With the Om Kaeo phase, however, the situation changed markedly. Following the introduction of the water buffalo, aquatic species and the small grassland mammals declined. It is tempting to view these changes as the reflection of a basic shift to wet rice cultivation, for conversion of forest to rice paddies plays havoc with the water regime. Water which formerly reached the water table and fed perennial streams remains on the surface, where evaporation is high. Where this occurs today, streams dry out for part of the year, ruling out the survival of many species of fish. The direct access of monsoon rain­storms introduces turbid water into streams and lakes, endangering filter feeding shell­fish and those species which rely upon them. The availability of iron by this time would have expedited the process of forest clearance, due to its superior cutting quali­ties compared with bronze. Perhaps it was also used to tip plowshares.


We clearly need more evidence before accepting this interpretation of the Ban Chiang faunal spectrum. It would be help­ful to have, for example, prehistoric depictions of plowing, surviving plow­shares, or datable fossil fields. Such evi­dence is found elsewhere, but there is none in northeast Thailand. There are however, the bones of animals which may have been used for traction. Examination of modern Thai cattle and water buffalo bones reveals that draft animals develop large bony ridges at points of tendon attachment. Just the same growths are apparent on corre­sponding water buffalo bones from Ban Chiang. To this extent, there is supporting evidence for plowing there from the Om Kaeo phase.

But why should the prehistoric inhabi­tants have embarked on the labor intensive task of clearing forest and re-modelling the landscape? A transition from wet swidden to plow cultivation of rice in fixed fields among the Dyaks of Kalimantan (Borneo) has recently been studied by the geographer Seavoy (1973). He concluded that popula­tion pressure leading to demands for more rice was responsible. Documentation of population growth in prehistory is hard to demonstrate, but Pietrusewsky has argued that in fact, the population of Non Nok Tha did increase during the prehistoric period. There is no doubt that by the 1st millennium A.D., occupation sites up to fifty times larger than Ban Chiang existed.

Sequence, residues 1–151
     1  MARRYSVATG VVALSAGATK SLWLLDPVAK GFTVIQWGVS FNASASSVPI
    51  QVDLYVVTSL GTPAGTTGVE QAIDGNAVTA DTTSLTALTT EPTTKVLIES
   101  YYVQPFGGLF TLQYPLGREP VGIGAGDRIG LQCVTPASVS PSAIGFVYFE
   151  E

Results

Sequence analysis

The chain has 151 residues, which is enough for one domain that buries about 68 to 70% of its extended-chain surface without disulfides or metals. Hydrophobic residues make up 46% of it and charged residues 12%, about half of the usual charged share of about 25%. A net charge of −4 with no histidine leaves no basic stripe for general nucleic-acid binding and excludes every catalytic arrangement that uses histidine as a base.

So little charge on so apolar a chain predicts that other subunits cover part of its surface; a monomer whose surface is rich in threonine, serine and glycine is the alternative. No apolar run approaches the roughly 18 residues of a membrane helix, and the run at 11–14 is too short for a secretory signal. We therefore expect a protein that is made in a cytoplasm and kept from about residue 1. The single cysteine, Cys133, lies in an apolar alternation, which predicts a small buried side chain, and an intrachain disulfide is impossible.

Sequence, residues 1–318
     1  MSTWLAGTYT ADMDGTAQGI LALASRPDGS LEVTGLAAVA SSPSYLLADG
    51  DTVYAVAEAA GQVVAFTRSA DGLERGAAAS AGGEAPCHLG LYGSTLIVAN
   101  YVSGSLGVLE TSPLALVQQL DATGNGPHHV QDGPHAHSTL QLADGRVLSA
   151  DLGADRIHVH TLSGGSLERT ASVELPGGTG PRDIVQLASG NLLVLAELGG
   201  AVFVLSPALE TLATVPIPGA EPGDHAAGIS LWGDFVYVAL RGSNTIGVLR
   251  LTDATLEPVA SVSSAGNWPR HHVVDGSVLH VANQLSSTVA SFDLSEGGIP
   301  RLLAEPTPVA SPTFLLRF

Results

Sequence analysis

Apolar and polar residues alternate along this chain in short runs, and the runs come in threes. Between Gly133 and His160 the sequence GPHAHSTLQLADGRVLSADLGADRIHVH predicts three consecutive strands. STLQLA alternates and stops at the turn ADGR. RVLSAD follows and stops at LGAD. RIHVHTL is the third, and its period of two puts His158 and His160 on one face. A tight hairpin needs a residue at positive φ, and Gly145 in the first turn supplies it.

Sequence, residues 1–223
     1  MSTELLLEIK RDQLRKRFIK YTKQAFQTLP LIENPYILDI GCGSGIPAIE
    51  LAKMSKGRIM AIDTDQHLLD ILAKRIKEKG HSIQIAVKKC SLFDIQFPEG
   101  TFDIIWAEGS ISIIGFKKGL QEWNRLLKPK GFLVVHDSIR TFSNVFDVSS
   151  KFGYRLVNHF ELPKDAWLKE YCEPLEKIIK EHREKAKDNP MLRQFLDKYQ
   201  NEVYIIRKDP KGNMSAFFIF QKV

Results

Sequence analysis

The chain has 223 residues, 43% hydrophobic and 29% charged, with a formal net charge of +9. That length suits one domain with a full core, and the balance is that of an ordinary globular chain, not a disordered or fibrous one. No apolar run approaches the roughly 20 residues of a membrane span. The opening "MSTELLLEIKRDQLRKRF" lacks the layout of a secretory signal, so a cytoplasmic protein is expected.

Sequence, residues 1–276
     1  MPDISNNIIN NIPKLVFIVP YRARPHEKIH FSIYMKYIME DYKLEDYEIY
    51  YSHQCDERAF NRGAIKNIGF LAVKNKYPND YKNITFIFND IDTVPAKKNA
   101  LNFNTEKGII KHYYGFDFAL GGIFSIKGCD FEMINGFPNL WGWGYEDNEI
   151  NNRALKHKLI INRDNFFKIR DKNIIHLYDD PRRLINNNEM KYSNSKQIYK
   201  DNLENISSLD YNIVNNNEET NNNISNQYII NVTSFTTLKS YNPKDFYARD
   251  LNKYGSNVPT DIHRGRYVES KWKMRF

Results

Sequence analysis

Ban Chiang is located in a part of the Khorat Plateau which receives relatively high rainfall. South of the Dong Mun hills, the plateau becomes increasingly arid. Indeed, it may well be that occupation of the arid Mun-Chi valleys by rice cultivators became a practical possibility only after water control methods had been developed at sites like Ban Chiang. The data from this great site illuminate not only the popu­lation’s changing relationship with its environment there, but also the broader perspective of Thai prehistory.

Cite This Article

Higham, Charles and Kijngam, Amphan. "Prehistoric Man and His Environment." Expedition Magazine 24, no. 4 (August, 1982): -. Accessed June 22, 2024.

This digitized article is presented here as a historical reference and may not reflect the current views of the Penn Museum.